Rite-Aid, ex-worker settle disability lawsuit for $250K — Business Management Daily: Free Reports on Human Resources, Employment Law, Office Management, Office Communication, Office Technology and Small Business Tax Business Management Daily
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Rite-Aid, ex-worker settle disability lawsuit for $250K

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in Employment Law,Human Resources

The Camp Hill-based Rite-Aid drug store chain will pay $250,000 to settle a disability discrimination and retaliation complaint filed by an epileptic former worker at one of its Maryland facilities.

Christopher worked as a pharmacy order picker at Rite-Aid’s Mid-Atlantic Customer Service Center in Perryman, Md. The EEOC sued the chain on Christopher’s behalf in 2008 after he claimed the company denied him a promotion because of his epilepsy.

After investigating, the EEOC concluded discrimination most likely occurred. According to a subsequent filing, Rite-Aid then retaliated against Christopher by requiring him to submit to a fitness-for-duty examination before he could return to his position. The doctor—whom Christopher alleges had never before treated anyone with epilepsy—recommended termination and the company agreed.

In court, Rite-Aid asserted that epilepsy was not a disability under the ADA, and that the company did not “regard” Christopher as disabled.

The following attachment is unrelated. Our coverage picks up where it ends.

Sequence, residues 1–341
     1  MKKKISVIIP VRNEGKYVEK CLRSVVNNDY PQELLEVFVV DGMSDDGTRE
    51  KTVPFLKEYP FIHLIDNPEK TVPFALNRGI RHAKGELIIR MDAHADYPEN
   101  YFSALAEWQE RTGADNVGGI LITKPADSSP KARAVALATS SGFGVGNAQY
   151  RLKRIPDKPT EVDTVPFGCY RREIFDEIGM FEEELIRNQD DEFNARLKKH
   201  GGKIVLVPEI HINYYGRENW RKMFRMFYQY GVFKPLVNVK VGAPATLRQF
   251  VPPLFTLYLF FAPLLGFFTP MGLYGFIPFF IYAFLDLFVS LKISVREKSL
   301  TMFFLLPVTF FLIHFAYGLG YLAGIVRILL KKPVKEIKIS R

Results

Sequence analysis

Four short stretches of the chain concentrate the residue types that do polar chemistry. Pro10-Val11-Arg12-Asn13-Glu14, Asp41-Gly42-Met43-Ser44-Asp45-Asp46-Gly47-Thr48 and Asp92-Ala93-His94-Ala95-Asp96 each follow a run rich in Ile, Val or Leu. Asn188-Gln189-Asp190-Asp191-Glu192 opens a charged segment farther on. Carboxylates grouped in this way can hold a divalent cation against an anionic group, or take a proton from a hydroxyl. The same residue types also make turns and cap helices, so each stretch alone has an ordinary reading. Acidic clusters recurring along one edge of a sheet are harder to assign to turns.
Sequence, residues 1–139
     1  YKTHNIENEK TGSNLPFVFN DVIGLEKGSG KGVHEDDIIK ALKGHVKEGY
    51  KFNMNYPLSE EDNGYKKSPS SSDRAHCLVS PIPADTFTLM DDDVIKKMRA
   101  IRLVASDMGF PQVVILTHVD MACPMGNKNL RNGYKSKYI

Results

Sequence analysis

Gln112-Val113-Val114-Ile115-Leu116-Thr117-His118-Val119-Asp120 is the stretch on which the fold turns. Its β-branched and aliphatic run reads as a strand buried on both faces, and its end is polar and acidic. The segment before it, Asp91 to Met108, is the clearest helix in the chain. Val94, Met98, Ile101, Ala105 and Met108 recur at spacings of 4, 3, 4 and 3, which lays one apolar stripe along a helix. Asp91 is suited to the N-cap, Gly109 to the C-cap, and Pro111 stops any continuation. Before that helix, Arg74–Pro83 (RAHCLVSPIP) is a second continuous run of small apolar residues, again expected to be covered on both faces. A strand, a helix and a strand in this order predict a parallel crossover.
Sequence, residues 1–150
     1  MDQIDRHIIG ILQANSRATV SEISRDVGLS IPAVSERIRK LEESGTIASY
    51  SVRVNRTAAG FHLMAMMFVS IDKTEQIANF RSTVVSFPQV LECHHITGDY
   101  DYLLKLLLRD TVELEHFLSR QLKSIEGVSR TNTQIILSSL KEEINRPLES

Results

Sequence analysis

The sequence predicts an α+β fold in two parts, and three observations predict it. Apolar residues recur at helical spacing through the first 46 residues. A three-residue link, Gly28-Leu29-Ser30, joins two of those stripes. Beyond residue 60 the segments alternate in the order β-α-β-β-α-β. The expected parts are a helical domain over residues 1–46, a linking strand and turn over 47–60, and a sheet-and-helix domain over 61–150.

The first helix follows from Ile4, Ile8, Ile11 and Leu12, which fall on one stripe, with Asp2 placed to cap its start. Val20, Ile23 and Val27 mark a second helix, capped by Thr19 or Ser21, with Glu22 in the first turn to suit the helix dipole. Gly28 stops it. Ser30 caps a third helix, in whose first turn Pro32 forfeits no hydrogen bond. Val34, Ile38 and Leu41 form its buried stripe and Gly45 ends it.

The company also argued that Christopher was a direct threat to himself and others. In one case, the company claimed he had a seizure while driving a forklift and narrowly missed hitting another employee before crashing into some pallets. During another seizure, he allegedly grabbed a co-worker’s hair and wouldn’t let go even as she was screaming. Another time, Christopher allegedly pinched a co-worker’s breast during a seizure. Twice he had seizures at work that required trips to the hospital via ambulance.

Rite-Aid claimed it tried to accommodate Christopher, allowing him to continue working even though he could not perform essential elements of his job—driving a forklift and walking up to the second floor in the building where he worked.

In November 2010, a federal judge ordered a trial, noting it was not clear whether Rite-Aid regarded Christopher as disabled when it placed him on administrative leave, and that co-workers did not regard him as dangerous.

The case went to trial this year, but just before a jury was to begin deliberations, Rite-Aid and Christopher struck a settlement deal. In addition to paying Christopher, the company agreed to revise its ADA policies and provide ADA training for managers.

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